I seized the opportunity to reintroduce myself to the American public when my family relocated to Tempe six months after our arrival. The infamous question was brought up again; this time, however, “California” was my response. Additionally, I avoided any speech in Arabic in front of anyone that looked to be my age; but if someone caught me speaking the idiom, I would blurt that it was Armenian. I know I lied, but this deception eased my assimilation by permitting me to make friends and giving me comfort in my new environment. I tried to justify these actions. After all, I was a Catholic living in a Christian society, so shouldn’t I be accepted? My physical characteristics also helped me hide my true nationality because my fair skin, green eyes, and brown-highlighted hair did not resemble a Middle-Easterner—especially one from Iraq. Despite these fabrications, I shared my true nationality with my teachers because I trusted that they wouldn’t judge me.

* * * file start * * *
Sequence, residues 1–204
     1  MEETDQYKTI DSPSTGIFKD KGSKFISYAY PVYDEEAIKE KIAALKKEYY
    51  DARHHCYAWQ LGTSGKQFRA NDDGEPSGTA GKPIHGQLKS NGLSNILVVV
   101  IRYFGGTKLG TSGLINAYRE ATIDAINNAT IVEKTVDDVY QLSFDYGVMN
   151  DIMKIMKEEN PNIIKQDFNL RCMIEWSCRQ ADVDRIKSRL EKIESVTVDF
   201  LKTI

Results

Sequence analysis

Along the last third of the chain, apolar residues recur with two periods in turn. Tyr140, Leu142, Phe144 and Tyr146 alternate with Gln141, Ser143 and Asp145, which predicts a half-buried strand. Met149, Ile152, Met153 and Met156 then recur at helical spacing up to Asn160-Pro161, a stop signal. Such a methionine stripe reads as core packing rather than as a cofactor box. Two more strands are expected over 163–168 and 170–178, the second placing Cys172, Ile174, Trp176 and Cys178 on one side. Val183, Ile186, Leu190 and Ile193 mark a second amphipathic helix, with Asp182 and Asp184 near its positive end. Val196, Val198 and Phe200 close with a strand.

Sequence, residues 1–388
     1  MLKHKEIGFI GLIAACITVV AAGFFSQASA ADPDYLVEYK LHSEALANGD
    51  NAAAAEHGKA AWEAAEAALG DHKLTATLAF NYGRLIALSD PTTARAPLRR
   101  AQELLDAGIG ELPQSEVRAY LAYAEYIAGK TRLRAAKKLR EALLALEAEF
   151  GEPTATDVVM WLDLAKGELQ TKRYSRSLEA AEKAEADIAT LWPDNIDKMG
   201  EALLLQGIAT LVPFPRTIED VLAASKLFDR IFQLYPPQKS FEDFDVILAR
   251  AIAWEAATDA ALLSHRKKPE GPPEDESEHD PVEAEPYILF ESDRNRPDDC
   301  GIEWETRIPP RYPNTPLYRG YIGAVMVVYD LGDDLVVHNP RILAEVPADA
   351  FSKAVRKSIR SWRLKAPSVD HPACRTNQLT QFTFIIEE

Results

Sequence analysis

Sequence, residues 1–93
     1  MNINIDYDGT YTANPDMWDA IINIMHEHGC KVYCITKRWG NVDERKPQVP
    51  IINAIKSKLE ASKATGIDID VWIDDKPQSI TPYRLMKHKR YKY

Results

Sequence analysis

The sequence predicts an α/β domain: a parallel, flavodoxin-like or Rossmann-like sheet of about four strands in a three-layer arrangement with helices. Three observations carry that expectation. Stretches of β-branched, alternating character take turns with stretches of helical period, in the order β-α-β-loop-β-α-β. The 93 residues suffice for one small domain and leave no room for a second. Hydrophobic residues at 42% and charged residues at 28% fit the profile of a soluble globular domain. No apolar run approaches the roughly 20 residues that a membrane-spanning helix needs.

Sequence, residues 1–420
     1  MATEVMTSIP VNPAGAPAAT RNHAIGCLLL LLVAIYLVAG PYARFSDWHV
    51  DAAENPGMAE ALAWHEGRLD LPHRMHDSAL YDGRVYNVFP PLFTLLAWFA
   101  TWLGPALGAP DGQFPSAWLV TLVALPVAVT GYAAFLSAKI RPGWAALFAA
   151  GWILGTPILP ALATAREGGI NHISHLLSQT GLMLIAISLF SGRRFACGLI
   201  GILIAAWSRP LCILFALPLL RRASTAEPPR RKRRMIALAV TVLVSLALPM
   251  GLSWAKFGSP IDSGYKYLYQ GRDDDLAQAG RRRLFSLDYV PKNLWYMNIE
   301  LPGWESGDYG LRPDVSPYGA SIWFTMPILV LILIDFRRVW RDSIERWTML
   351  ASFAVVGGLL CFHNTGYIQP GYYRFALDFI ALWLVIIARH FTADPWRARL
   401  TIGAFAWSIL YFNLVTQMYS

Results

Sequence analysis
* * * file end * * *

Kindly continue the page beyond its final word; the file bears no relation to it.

This discourse subsided as I entered middle school, since many of my classmates “knew” where I was from. However, I disclosed to the assertive questioners that I was Middle Eastern, though I never specified from where. At least not until seventh grade. My social studies classroom was fairly large, populated by people I was good friends with. It was late in winter when we were learning about the influx of immigrants through Ellis Island; the class was assigned the task of identifying their ethnic origins in the spirit of immigration. I panicked. Earlier that week, my parents met with the teacher and (presumably) told her where we came from; I didn’t want to come off as a liar, but I also didn’t want to disrupt my social reputation. At home, I casually asked my parents where we originated from, hoping that somehow in the previous three years, it would change. They delivered their response, “Iraq,” affirmatively—as if dumbfounded by my inquiry. I pressed them for additional information and discovered that my great-grandfather was born in Turkey; even though my parents classified this Turkish origin as extraneous, I felt a strange sense of freedom. I could now hide the Iraq ethnicity behind the wall of Turkey. I sought to exclusively use my newly-discovered ethnicity for the class assignment... but I knew it would not be just.